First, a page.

Cap Negotiation Woes Keep Oil Prices Down As China Continues It Zero Tolerance Lockdowns

by Ship & Bunker News Team
Thursday November 24, 2022

Oil prices remained largely unchanged Thursday as the U.S. entered its Thanksgiving Day weekend and analysts everywhere maintained  their bearish mood, stoked by the watered down proposed price cap against Russia, China continuing to lockdown its cities due to Covid, and overall signs of weakening demand.

West Texas Intermediate rose 3 cents to $77.97 per barrel as of 2:16 p.m. in New York (prices didn't settle Thursday due to Thanksgiving); Brent declined 7 cents at $85.34 per barrel.

According to people familiar with the matter, European Union delegates required more time beyond Thursday to decide how strict the Russian oil cap should be, after stating that seaborne exports should be capped at $65 to $70 per barrel, well above the former Soviet Union's cost of production.

For his part, Bart Melek, global head of commodity market strategy at TD Securities, said the cap talks were "another catalyst that served to get prices lower over the last little while," but he added he was fairly bullish on oil despite the headwinds.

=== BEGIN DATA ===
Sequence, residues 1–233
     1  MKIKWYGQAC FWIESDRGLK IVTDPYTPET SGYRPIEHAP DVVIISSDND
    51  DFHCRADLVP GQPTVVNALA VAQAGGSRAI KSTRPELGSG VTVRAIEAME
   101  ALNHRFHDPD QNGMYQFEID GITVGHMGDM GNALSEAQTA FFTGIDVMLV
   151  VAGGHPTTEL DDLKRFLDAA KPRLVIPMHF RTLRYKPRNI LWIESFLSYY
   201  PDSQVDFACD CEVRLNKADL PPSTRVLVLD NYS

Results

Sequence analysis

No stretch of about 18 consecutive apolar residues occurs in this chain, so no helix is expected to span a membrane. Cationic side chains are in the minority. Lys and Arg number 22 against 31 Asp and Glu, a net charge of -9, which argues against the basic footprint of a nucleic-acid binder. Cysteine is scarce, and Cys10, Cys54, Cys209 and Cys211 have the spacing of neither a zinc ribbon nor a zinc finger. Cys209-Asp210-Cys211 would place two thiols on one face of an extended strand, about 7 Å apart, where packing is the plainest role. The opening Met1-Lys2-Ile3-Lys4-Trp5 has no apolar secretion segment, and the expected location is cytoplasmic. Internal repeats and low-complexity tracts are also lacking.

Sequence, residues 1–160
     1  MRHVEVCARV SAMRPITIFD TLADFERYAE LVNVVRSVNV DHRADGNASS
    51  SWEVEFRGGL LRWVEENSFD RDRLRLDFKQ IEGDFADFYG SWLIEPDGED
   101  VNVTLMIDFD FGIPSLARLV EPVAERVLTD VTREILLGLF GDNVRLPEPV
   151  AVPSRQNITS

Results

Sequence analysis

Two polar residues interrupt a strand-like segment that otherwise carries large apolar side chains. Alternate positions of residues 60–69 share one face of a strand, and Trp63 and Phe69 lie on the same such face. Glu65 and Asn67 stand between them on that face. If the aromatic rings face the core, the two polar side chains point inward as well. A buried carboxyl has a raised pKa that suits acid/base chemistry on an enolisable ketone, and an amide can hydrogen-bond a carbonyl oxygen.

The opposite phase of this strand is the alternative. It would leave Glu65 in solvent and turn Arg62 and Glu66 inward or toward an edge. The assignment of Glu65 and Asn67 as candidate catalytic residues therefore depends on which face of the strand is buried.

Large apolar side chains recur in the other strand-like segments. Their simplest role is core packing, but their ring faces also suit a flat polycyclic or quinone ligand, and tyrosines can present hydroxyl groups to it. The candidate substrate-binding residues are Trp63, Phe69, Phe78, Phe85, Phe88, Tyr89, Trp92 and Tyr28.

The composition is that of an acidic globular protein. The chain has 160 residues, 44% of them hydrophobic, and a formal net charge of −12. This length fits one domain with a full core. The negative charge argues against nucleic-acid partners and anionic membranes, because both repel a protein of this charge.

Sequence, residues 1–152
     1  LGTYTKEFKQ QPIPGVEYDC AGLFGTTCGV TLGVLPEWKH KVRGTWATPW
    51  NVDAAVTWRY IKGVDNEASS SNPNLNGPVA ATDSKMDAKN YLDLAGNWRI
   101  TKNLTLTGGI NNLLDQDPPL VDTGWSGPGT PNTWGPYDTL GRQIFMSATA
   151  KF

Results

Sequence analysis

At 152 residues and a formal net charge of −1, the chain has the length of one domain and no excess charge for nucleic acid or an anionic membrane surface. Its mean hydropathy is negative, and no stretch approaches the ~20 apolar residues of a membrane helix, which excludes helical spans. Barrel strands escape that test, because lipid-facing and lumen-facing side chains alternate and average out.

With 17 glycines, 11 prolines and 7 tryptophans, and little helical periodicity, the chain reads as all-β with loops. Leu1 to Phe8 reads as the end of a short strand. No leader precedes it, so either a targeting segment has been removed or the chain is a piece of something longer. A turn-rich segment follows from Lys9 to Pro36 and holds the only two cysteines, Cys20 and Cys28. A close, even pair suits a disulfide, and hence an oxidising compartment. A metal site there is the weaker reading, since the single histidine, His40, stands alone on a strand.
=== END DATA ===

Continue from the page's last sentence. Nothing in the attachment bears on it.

Keshav Lohiya, founder of consultant Oilytics, argued that "A static price in general just doesn't work: they're trying to have the best of both worlds….either you depress Russian oil to zero, which global oil markets do not want, or you let Russian oil flow."

A higher price cap could make it attractive for Russia to continue to sell its oil, reducing the risk of a supply shortage in global oil markets.

Especially frustrated by the proposed cap was Kostas Skrekas, environment and energy minister for Greece; he told CNBC that "A price cap at the levels that the commission is proposing is not in fact a price cap: [a] price cap at 275 euro is not a price cap, nobody can stand buying gas at this expensive price for a long time…we surely believe that the price cap below 200 euro, between 150 and 200 euro would be more realistic."

Poland, Greece, Belgium, and Spain are among the nations supporting the cap; the Netherlands and Germany remain skeptical about the benefits of the scheme.

For the record, the war between Russia and Ukraine hit the 9 month mark on Thursday, with no sign that the latter is caving into repeated missile strikes against its energy system (shortages were cut to below 50 percent as repairs were made as quickly as possible, and water had been restored to Kyiv). 

Meanwhile, the Chinese communist party continued its draconian (and hopeless, according to many health officials) zero tolerance infection policy, ordering more lockdowns and mobility curbs as virus cases approached 30,000.